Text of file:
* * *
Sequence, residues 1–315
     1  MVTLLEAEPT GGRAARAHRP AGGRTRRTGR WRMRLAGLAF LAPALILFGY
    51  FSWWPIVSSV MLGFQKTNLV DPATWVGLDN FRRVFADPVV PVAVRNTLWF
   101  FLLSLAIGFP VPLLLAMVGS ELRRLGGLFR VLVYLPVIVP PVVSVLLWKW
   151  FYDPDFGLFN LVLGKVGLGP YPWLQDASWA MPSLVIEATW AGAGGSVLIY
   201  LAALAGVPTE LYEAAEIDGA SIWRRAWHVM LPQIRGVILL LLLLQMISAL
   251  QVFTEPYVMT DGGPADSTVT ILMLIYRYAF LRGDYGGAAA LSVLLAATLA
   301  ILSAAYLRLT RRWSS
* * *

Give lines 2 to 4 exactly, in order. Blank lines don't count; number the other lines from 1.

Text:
     1  MVTLLEAEPT GGRAARAHRP AGGRTRRTGR WRMRLAGLAF LAPALILFGY
    51  FSWWPIVSSV MLGFQKTNLV DPATWVGLDN FRRVFADPVV PVAVRNTLWF
   101  FLLSLAIGFP VPLLLAMVGS ELRRLGGLFR VLVYLPVIVP PVVSVLLWKW